If you’re interested in exploring the outer reaches of the possibilities of watercolour, this is the book for you. If, at the same time, you want to keep things creative and are doing this for something more than just technical curiosity, please form an orderly queue. What’s truly remarkable about Carole’s work is that it’s always the creative dog wagging the technical tail and not, as can so easily happen, the other way round.
This is a book that’s full of ideas and a quick flick through reveals a wealth of illustrations that can’t really fail to capture the interest and have you wanting to learn more. It’s also apparent that there’s plenty of information, as is common these days, in extended captions and concise paragraphs. Printing technology (of which more anon) is such now that any book of this type really should be “show me” and not “tell me”. There’s a wealth of information here and, for once, I’m not going to say “such as” because I think you can assume that, if there’s something you want, you’ll find it. If I’m wrong and something is missing, you’ll probably be too busy with what is here to mind too much. This is busy, colourful, packed with information and thoroughly inspiring and I love it.
Now, about printing technology. The basic method hasn’t changed much since Caxton’s day. You have a printing plate that gets covered with ink and then it’s pressed against a sheet of paper. Start to work in colour and there are four plates. Add a half-tone image and there are dots of different colour on each plate and they’re put together in alignment so that you get a colour picture. As mechanical tolerances get finer, the dots can be smaller and closer together and the image gets sharper. All these things tend to progress gently but, every so often, there’s a larger jump and we’re just had one of those. Look at a book published even ten years ago and the quality looks rough compared to what’s possible today. Most publishers and printers adopt these advances fairly quickly, but not all of the publishers and not all of the advances. Search Press, however, have swallowed the whole goody bag and the quality of what’s coming out of their warehouse now is truly remarkable. I’ve been at this a long time and my father was a printer, so I grew up with the technology, and it has me stunned.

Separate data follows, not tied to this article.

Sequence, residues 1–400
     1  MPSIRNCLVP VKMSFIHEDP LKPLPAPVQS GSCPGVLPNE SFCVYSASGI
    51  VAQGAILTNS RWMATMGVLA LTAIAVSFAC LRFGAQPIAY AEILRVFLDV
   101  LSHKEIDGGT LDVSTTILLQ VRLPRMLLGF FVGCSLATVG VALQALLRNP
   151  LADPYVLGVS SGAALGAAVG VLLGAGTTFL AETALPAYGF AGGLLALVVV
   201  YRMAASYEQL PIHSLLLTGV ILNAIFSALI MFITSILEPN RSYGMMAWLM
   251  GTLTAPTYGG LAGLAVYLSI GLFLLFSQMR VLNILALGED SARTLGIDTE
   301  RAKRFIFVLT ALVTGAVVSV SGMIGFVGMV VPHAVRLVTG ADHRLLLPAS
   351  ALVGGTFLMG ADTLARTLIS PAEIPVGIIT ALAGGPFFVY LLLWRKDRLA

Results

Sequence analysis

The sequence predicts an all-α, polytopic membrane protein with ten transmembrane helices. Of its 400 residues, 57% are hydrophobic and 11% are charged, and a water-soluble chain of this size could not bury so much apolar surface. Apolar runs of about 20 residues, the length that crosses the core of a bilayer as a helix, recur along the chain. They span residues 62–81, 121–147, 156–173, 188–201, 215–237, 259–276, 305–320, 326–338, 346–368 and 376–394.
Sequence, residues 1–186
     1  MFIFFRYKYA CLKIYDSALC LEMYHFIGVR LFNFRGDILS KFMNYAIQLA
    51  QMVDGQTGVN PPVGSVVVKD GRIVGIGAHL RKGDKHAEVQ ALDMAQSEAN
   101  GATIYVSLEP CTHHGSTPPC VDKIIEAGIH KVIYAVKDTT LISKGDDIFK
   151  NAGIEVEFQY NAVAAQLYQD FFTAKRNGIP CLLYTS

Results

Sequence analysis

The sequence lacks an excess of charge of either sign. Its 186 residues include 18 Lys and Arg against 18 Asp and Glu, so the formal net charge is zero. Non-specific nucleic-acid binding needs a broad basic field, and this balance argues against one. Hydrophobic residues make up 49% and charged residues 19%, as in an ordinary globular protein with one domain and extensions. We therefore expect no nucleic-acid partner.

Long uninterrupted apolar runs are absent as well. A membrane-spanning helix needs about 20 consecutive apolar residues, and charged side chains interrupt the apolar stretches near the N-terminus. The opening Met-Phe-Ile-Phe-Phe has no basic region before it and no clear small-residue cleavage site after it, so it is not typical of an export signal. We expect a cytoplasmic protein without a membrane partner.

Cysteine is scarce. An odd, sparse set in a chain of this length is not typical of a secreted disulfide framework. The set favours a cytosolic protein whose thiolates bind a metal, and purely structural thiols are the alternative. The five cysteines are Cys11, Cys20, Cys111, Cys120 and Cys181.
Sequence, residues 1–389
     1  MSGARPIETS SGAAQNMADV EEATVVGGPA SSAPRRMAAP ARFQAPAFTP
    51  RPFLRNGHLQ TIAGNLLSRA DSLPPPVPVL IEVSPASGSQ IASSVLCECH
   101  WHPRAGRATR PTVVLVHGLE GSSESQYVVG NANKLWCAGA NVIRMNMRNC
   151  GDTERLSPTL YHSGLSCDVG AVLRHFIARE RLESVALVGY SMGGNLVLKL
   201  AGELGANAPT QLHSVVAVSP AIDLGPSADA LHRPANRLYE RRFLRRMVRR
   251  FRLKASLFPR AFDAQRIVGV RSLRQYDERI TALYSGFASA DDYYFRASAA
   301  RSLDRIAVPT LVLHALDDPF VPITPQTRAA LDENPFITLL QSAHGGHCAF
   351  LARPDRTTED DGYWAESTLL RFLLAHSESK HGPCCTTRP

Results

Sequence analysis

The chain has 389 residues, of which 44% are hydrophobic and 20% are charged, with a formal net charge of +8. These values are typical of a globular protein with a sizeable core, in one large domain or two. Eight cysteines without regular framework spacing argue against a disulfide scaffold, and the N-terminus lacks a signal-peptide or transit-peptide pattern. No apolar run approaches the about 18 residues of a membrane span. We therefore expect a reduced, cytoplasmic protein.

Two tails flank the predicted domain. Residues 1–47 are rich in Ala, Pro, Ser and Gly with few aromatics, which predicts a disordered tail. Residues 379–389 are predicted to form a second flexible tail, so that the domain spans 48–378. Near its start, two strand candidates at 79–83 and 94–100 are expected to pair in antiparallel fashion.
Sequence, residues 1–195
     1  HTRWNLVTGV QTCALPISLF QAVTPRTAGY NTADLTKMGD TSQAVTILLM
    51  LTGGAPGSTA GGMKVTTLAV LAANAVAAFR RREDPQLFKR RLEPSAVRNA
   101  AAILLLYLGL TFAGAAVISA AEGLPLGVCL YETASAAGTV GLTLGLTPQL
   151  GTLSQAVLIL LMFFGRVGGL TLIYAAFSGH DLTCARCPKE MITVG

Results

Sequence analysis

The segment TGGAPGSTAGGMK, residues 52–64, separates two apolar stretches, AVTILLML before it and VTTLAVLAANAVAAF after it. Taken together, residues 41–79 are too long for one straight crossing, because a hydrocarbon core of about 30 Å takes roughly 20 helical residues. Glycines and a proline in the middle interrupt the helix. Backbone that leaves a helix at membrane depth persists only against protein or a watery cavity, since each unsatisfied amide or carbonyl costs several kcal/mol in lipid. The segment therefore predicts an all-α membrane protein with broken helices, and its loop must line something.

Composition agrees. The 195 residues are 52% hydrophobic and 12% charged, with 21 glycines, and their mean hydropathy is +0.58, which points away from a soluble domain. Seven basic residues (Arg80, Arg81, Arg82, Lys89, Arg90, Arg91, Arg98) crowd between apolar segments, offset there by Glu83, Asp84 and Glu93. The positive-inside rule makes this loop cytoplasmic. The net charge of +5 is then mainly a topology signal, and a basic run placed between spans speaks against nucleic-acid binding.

So, anyway, buy this book.
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